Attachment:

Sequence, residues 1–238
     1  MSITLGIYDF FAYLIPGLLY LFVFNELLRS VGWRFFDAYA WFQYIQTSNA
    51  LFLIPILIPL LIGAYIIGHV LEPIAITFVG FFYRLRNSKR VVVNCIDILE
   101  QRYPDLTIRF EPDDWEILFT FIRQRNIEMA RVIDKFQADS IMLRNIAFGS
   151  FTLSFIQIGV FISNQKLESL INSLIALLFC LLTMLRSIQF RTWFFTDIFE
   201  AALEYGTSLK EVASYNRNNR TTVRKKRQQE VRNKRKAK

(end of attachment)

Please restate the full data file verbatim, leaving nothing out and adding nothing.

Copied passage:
Sequence, residues 1–238
     1  MSITLGIYDF FAYLIPGLLY LFVFNELLRS VGWRFFDAYA WFQYIQTSNA
    51  LFLIPILIPL LIGAYIIGHV LEPIAITFVG FFYRLRNSKR VVVNCIDILE
   101  QRYPDLTIRF EPDDWEILFT FIRQRNIEMA RVIDKFQADS IMLRNIAFGS
   151  FTLSFIQIGV FISNQKLESL INSLIALLFC LLTMLRSIQF RTWFFTDIFE
   201  AALEYGTSLK EVASYNRNNR TTVRKKRQQE VRNKRKAK